“The first time I knew something had changed for the worse at Fidelity Investments,” writes James Cramer, in a remarkable forthcoming magazine piece made all the more remarkable by where it’s forthcoming, “I was, strangely enough, at my youngest daughter’s first-birthday party. My mother-in-law pulled me aside and said that something had gone wrong, very wrong, with her retirement money during 1994. She was in her 70s, and my wife and I had done her retirement planning, putting most of her cash in Fidelity’s Asset Manager fund. Her alarm got my attention.”
The story goes on from there with some pretty tough criticism of, and strong prescriptive remedies for, Fidelity. The mutual fund giant — Fido, as it’s affectionately known — manages close to half a trillion dollars.
The story will appear in the April issue of WORTH magazine, on newsstands in a couple of weeks. That’s remarkable, I think, because WORTH is owned by — that’s right — Fidelity. What’s more, no one at Fidelity has seen it yet. They’ll see it when you do.
“Does this mean you’re about to lose your job?” I asked my friend John Koten, the editor.
“I don’t think so,” he said. “In my experience, the folks at Fidelity have a lot of integrity and class (or I wouldn’t be working here to begin with). Truth is, while I do feel on the brave side in pursuing this piece, Fido also deserves a certain amount of credit for being the sorts of owners that have given me the freedom and license to publish this sort of piece. Not many owners would do that. And not many magazines have run tough pieces about the company that owns them. Has Fortune ever taken on Time-Warner? No, but they recently have gone after Forbes and Dow Jones. Has the Journal ever written a tough piece on Dow Jones? No. But they have taken on Time-Warner. (The Journal did write critically about itself during the Foster Winans episode, but it never has said much negative about Dow Jones.) Before I was even hired, I told Ned [Johnson, who owns most of Fidelity] I’d probably have to do something like this sooner or later. He said: OK.”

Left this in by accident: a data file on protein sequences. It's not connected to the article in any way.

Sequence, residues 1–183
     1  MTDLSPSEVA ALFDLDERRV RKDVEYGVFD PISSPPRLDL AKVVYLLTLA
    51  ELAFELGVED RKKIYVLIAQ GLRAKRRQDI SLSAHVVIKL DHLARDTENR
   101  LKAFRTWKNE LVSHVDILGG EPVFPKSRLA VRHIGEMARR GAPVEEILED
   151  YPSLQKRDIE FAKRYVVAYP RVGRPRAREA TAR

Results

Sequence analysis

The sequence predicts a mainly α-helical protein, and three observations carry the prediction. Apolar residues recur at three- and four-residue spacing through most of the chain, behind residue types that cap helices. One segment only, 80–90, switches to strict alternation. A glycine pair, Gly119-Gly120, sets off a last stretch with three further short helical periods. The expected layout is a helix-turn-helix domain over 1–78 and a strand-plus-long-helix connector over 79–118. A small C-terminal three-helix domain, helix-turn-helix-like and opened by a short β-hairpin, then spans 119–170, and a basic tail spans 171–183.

So: I thought you might want to read Cramer’s piece in WORTH. Or if you can’t wait, click here to read it on-line starting today or tomorrow. And hats off to Ned Johnson for being that kind of owner.
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We've forgotten all the sacrifices that the people who've gone before us made to give us this wonderful life that we have. We accept it; we take it for granted; we think it's our birthright. The facts are, it's precious, it's fragile -- it can disappear.~Ross Perot, 1988
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